Nevertheless, the Burning Man community is an unusually smart, well-knit, and well-heeled social network. Larry Page and Sergey Brin of Google are regular attendees; they chose Eric Schmidt as their CEO because he was the only candidate for the job who had been a burner.

So many VCs show up that Silicon Valley entrepreneurs like to joke that you can't get any funding during the week of Burning Man. Celebrities like Robin Williams, Sting, and Joan Baez often arrive incognito. Thousands of lesser-known artists spend up to 10 times the ticket price, mostly drawn from their own pockets, to create the spectacles at the center of the experience: the Burning Man art, in all its neon-lit, fire-spewing glory.

You really have to want to be there to truck yourself and your gallons of drinking water in and out of the desert, an environment so extreme that dehydration and other serious bodily harm are real possibilities. As it says in large letters on their tickets, attendees voluntarily assume the risk of death. (Indeed, since 1996, two have died in art-car accidents.)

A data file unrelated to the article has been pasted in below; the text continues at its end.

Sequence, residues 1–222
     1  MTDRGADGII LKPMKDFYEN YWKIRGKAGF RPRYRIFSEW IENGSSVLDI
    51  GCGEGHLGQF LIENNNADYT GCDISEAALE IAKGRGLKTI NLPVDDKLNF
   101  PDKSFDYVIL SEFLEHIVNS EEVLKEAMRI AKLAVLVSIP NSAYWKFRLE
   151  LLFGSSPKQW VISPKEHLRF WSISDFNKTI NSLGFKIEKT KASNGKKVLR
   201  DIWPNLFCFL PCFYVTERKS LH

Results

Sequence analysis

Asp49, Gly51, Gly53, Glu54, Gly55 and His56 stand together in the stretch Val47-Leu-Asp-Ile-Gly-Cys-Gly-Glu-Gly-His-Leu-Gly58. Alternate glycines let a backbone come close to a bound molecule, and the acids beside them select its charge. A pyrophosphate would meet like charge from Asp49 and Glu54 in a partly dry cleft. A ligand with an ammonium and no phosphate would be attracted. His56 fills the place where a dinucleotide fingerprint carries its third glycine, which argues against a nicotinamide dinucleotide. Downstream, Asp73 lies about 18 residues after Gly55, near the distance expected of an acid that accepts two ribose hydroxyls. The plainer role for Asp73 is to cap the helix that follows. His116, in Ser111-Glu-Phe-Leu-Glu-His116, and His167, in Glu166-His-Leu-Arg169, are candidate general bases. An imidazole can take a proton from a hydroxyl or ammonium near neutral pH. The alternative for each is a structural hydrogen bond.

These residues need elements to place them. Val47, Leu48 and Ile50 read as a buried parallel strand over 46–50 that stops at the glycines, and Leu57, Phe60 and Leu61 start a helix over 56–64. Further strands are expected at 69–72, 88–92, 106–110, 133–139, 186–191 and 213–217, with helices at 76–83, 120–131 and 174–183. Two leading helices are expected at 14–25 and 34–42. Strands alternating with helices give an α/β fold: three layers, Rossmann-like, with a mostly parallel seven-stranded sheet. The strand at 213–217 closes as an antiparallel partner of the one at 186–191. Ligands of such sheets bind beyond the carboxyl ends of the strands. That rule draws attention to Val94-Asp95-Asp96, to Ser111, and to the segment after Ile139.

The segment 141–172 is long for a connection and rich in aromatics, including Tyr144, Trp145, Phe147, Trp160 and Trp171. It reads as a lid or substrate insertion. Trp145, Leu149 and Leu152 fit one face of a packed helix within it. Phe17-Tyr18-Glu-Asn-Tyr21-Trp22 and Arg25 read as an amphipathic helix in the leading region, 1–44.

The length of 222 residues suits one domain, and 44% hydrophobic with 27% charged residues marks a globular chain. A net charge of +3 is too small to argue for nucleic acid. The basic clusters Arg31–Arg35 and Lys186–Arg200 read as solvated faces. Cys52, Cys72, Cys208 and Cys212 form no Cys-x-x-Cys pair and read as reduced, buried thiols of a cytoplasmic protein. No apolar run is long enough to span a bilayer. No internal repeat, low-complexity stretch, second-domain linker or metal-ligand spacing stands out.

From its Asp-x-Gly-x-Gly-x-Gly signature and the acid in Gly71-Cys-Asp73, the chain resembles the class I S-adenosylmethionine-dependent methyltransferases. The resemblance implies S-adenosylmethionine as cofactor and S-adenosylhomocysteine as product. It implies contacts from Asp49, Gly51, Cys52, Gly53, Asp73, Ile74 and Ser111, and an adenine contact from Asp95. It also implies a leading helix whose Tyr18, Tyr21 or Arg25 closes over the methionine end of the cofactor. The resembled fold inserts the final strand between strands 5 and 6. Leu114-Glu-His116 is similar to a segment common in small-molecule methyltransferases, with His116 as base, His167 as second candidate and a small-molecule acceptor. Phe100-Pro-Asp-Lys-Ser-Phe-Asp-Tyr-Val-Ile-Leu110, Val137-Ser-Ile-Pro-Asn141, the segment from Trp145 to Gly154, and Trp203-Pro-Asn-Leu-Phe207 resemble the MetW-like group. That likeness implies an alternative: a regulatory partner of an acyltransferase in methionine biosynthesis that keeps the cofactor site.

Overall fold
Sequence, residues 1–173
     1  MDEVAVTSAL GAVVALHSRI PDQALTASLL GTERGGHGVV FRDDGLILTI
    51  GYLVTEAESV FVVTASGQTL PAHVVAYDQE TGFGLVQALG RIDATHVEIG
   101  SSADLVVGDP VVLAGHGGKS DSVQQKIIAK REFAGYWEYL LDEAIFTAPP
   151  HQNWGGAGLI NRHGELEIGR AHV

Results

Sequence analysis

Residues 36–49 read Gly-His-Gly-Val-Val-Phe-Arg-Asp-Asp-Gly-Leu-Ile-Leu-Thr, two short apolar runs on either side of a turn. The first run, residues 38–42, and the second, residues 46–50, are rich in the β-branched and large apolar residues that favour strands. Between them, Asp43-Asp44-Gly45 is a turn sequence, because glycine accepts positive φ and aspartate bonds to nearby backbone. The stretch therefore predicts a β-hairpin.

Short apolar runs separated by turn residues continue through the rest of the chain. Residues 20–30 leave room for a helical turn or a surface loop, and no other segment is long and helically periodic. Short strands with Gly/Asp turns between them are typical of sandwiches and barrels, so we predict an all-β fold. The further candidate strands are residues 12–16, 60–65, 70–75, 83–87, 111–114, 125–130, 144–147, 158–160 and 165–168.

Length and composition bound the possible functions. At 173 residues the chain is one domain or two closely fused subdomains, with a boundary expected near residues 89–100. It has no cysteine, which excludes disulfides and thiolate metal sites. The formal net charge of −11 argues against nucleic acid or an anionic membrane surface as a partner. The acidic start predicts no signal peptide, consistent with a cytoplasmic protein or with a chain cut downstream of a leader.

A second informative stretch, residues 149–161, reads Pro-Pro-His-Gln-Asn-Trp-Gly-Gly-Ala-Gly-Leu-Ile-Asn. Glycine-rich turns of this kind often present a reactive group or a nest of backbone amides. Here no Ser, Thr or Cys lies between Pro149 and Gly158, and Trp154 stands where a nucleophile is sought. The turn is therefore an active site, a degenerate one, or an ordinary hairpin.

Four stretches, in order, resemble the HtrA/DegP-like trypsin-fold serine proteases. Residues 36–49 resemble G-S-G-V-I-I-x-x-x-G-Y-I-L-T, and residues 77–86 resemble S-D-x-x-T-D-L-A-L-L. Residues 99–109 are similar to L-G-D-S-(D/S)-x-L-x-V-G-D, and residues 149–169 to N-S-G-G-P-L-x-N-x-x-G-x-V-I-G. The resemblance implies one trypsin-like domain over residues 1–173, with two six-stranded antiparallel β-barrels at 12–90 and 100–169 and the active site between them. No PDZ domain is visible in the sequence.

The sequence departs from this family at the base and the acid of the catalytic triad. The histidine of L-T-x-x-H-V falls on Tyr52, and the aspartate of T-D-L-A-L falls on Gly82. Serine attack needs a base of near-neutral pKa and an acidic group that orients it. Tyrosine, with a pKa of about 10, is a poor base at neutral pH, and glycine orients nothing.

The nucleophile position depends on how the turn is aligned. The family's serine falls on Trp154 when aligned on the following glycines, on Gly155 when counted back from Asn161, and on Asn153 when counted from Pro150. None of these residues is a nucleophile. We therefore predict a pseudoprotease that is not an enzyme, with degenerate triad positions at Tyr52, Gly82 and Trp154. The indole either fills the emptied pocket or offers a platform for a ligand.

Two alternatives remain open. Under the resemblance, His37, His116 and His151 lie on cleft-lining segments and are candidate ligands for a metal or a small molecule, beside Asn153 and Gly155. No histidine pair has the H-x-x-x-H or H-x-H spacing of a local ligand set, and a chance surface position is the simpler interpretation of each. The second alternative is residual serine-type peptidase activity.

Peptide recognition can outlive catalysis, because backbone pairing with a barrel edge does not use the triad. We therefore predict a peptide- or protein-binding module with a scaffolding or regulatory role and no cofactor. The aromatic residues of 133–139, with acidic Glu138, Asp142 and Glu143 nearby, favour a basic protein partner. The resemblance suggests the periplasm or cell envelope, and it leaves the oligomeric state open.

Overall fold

But not only do people still come, they create content and provide their own services with an enthusiasm that puts even Wikipedia to shame. According to Black Rock City's annual census, 80 percent of attendees volunteer at some point during the event. Burning Man, it seems, was Web 2.0 before that label existed.

Burner volunteers solve their own disputes (through the Black Rock Rangers) and light their own gas lamps (through the Lamplighters). A few hundred even stay to clean up the desert for at least a month after the event. "Our budget is in the millions," Harvey says, "but if you include everything people give to the city, it's three times what we invest."

It's just as well that there's all this goodwill and free labor. Black Rock City has already suffered three times from cost overruns that threatened to bury it in debt, and not just to pay for all those rented portable toilets. The federal Bureau of Land Management charges $4 per person per day for use of the desert. Nevada's Washoe County makes the organization cover the cost of all the extra police it insists on bringing to the event.